- "The idea of overhearing machines talking about what they’re doing is, to my mind, quite delightful."
- "... what’s really super-interesting is that by letting our machines address us over Twitter, in English, instead of over REST or SOAP or ssh, is that we’re letting them address us in the same space as we address people."
- "We’ve moved away from anthropomorphising in its strictest sense and towards finding an actual, idea-space representation of machines."
- "... it’s very important to me that the bridge should talk in the first person. Whilst I’m just processing publicly available data on its behalf, Twitter is a public medium for individuals..."
I love the roller-coaster rush I get when I read numbers like this:
The pace of human history is a very fast one. Homo Erectus left Africa 90,000 generations ago. Early homo sapiens developed in Africa 30,000 generations ago, and only left the continent 30,000 years ago, or 1500 generations - an amazingly short period of time. ...
from Ethan Zuckerman's first post from the current TED conference.
Another one I like is that humans started farming about 8,000 years ago.
interesting how some of the most inane comics benefit from remixing on the web. "... when you remove Garfield from the Garfield comic strips, the result is a ... comic about schizophrenia, bipolor disorder, and the empty desperation of modern life": garfield minus garfield. previously: on garfield. see also (as you no doubt have already): marmaduke explained.
tonight I found myself writing "an
nid or a
uid", which is a pretty funny --- construction.
it's called "Bros" by Panda Bear. you can hear a short cut of it on Panda Bear's myspace page (the album version is 12:30). it's like Beach Boys + Pulp + boring, but not actually boring. Panda Bear is one of the guys from Animal Collective, which might give other people more context than it gives me.
Aside: everything indie since the Arcade Fire's Funeral that's not atonal (Decemberists/Mountain Goats style) is Pulp-influenced, in my head.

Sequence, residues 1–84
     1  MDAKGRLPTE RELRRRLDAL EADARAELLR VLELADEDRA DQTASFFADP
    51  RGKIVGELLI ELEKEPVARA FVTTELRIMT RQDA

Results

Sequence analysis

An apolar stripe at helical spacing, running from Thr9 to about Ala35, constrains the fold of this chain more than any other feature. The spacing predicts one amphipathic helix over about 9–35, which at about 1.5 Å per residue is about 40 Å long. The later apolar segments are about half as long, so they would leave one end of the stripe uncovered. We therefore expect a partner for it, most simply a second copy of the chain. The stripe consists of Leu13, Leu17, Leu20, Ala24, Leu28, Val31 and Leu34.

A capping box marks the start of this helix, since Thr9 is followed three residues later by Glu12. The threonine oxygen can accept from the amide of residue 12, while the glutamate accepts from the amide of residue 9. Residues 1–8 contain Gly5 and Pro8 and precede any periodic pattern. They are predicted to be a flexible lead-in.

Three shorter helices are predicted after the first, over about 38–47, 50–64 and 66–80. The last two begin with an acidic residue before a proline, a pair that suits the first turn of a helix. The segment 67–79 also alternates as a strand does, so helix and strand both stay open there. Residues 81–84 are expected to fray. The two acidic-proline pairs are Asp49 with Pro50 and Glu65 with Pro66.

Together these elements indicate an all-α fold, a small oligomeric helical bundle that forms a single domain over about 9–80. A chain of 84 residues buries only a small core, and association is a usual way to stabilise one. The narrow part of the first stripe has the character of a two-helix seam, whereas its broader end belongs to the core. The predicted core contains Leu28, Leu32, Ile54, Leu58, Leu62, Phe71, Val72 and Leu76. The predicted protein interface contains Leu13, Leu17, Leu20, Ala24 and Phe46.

my favorite weather site is the National Weather Service; I like it for the layout. not beautiful graphically, but extremely functional: 7 days in summary, more details for the next two days, current conditions, and nothing distracting like ads or news clips. the only thing is that the boston page lacks the 'forecast at a glance'. the sacramento page's 3-day history even has graphs.
for Spaces in OS X 10.5/Leopard: Disable Space switching on Command-Tab. just in case I ever use spaces.
update! Plastic Leopard Tabs.
also, a sidenote on UnifyCamino: I did not have to specifically enable input managers as it says on the download page; UnifyCamino just prompted me for my password when I installed it.
a favorite hidden iTunes preference: make iTunes arrows point to library, not the music store.
you can now scroll windows that are in the background. (new in mac os x 10.5)
now when you take a screenshot of a window it now captures the window's shadow with alpha transparency in addition to the window itself. (new in mac os x 10.5)
(to take a screenshot of a window: command-shift-4, then space bar, then click on the window)
Every time I upgrade to a new operating system I whine and complain about it for weeks. In the interest of protecting my friendships, I'm going to blog it this time. Here goes:
- I basically can't use Spaces, because I, stupidly, configured my hands to use conflicting key combinations: (1) the only trigger keys it allows are function keys, and (2) the Space-switching trigger keys are the same as text word/line movement keys! WTF! (ctrl, option, or command plus arrow keys)
- Spotlight is as useless than ever, because (1, still) it doesn't bother to index an unindexed folder when you try to search it (
ls -R | grep 'ical'was more effective) (2, still) it doesn't bother to notify you when you're searching an unindexed folder and (3, new) it defaults to searching 'My Computer' rather than the current folder. A large part of my current Spotlight hate is due to the fact that it hasn't yet indexed the chunk of stuff I moved from my old HD to the new one.
I'm sure there will be more where this came from.
KML files illustrating population data and median age census data (for Google Earth--need to be simplified to work well with google maps).
back in the day, there was a Mac browser that would add the url of an image to it's 'Get Info' in the Finder. man those were the good old days.
despite some mediocre 'researchy' posts in the past, Waxy.org is going back in my feed reader because he's planning to post an original article every day:
Not my opinions about news (opinions are cheap) and not just glorified linkblogging, but something new: original research, investigative journalism, information visualization, digitizing dead media, live reporting, or interviews.
sounds like such a fun project, at least on the 'doing' side.